The third layer says: the reason is that a majority of the public give priority to their own immediate personal benefit over the long-term common good, so they create and support institutions that are aligned with these values.
At this point it is tempting to say that this behavior is just human nature, the way it has always been and so, end of story. However, that’s not how it has always been. Most hunting and gathering cultures did take the long-term view, like the Iroquois, who required that each decision be evaluated by asking “What impact will this have on the seventh generation from today?” One of the great gifts of anthropology has been to show how diverse human societies can be.
So my fourth layer says: the reasons our society deals so poorly with the issues we are facing today are a matter of changeable culture more than fixed human nature. The key to understanding the core challenge of our times is to realize that we have inherited most of our institutions, values and concepts from a very different time in history. However well they worked when they were created, they no longer fit the population/technology/economic/environmental context of today. They aren’t working to solve today’s problems because they weren’t developed in or for today’s context.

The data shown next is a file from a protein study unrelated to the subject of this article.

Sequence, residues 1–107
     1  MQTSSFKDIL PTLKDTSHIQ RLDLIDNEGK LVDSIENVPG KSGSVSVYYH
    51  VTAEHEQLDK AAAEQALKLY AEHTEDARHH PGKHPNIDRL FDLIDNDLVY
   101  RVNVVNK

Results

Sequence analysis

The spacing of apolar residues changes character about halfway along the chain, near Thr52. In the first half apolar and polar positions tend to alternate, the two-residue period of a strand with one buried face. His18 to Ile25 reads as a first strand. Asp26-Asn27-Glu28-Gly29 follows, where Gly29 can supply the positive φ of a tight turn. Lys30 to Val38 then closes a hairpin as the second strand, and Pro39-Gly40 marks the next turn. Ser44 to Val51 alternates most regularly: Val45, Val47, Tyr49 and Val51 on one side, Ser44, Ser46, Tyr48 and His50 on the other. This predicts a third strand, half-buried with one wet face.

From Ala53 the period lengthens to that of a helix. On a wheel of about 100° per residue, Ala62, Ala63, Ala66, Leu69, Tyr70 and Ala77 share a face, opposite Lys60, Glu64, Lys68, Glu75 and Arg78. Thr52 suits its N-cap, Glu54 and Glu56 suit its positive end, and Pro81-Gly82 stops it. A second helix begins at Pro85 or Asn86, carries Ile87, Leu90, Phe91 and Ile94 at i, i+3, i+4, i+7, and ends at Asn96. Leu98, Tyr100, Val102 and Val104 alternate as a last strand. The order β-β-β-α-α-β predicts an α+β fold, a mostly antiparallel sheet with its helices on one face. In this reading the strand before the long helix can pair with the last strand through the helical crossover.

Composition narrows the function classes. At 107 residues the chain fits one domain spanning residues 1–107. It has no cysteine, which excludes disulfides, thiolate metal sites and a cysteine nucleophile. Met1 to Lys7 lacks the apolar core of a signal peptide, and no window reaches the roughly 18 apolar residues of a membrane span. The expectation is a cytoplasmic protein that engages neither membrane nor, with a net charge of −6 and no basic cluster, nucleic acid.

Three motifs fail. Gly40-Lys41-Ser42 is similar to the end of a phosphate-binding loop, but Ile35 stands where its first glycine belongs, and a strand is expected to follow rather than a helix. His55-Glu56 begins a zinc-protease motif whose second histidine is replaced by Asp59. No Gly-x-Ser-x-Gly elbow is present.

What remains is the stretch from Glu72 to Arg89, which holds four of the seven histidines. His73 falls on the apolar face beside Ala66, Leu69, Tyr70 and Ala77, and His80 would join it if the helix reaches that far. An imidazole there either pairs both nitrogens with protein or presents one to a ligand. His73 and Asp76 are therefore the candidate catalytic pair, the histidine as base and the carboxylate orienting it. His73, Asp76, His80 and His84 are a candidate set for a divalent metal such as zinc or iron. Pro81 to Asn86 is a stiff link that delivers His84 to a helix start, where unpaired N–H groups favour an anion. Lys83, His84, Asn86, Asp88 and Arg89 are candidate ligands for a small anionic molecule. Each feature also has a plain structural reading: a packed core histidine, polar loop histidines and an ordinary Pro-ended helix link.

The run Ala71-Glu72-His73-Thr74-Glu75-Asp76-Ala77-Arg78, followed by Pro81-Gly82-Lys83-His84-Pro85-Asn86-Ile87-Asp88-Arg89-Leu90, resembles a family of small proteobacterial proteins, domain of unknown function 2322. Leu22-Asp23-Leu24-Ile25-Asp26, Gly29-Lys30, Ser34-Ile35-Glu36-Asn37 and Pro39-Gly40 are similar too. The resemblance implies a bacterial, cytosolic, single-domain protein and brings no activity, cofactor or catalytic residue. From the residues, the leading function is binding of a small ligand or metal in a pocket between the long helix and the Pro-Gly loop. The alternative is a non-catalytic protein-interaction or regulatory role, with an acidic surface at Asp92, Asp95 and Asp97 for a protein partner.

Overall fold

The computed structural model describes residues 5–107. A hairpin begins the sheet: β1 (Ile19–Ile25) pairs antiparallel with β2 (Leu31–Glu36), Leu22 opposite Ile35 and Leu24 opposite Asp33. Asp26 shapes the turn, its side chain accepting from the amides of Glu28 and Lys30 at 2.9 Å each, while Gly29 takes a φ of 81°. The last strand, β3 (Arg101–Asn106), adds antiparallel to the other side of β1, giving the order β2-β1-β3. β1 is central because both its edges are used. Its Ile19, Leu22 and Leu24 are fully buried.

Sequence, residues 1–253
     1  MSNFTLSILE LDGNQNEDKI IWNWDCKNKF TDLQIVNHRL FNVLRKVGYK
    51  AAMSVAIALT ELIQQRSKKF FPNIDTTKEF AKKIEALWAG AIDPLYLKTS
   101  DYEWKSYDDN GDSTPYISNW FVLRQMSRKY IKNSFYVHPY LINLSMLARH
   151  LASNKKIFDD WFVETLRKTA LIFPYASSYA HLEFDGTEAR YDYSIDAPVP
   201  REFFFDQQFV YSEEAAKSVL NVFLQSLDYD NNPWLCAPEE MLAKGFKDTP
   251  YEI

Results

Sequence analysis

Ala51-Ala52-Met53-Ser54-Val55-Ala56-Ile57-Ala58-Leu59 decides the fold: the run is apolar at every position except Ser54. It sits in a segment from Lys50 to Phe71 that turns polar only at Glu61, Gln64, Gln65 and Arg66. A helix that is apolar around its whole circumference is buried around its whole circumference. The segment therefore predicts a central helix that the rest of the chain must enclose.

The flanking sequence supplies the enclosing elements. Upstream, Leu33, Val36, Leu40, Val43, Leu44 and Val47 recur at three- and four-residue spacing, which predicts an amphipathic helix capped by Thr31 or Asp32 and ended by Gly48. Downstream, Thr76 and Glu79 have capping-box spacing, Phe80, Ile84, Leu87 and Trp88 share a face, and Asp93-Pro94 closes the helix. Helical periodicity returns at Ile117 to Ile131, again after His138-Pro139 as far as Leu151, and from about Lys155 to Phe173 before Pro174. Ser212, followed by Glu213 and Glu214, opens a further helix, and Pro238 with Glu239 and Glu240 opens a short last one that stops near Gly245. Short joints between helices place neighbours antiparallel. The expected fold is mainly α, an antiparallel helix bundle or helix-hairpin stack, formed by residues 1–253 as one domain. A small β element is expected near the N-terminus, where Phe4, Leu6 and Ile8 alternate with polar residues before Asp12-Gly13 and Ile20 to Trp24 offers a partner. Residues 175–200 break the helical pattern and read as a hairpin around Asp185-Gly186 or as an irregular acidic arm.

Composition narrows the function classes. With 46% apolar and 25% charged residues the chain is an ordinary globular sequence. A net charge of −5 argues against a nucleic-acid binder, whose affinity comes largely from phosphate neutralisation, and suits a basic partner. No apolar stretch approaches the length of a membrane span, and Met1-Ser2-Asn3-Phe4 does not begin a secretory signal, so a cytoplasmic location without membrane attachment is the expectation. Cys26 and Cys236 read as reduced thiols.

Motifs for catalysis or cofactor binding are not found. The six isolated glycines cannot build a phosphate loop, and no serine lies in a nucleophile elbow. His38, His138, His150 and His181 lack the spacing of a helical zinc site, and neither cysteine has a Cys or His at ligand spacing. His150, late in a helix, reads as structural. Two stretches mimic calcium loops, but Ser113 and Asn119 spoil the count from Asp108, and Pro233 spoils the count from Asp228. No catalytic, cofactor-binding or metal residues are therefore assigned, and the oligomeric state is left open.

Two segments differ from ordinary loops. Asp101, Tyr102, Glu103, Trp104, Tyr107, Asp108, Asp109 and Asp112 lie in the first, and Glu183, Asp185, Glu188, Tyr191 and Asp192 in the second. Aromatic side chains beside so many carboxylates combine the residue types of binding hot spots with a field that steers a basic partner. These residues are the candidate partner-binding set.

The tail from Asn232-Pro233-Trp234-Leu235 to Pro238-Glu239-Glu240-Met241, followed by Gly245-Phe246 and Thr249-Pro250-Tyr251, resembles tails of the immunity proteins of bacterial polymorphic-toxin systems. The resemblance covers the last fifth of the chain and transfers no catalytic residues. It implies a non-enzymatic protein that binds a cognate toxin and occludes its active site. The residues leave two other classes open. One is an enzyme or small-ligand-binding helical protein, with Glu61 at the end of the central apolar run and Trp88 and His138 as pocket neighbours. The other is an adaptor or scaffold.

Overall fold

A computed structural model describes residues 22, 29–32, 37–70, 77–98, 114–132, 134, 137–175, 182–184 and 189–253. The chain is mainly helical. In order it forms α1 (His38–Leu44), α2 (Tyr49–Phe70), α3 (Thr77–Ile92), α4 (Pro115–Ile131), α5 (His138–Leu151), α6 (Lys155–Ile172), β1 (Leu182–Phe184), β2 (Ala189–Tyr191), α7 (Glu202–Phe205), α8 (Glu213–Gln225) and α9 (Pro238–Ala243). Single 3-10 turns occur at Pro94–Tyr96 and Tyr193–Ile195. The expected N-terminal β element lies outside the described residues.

We are in a new world
The core challenge of our times grows out of this fact: In the last few decades, we crossed a profound boundary and we are now in a new world, a new context, in which the strategies for how to succeed in life are very different, often diametrically opposed, to the strategies whose very success has brought us to this place. It is no wonder that many people feel confused and upset.
Nevertheless, if we are to at least avoid catastrophe and at best learn to truly thrive, we need to deal with the reality of our world as it is today and as it is becoming, not as it has been. That begins by acknowledging that we are indeed in a new territory and then transforming our cultures, in ways that are appropriate to each place and society, to fit this new territory.
Transforming our cultures to fit our new reality is the core challenge of our times.
I see no technical obstacles to creating thriving sustainable planetary cultures in the coming decades, with a broadly-shared quality of life that will make today’s times seem like a dark age. The momentum of history is pointing in that direction, but whether we will get there, how long it will take and how graceful the transition will be is up to all of us.
Robert Gilman, June 3, 2012
Do you see ways this article could be improved? If you do, please let me know.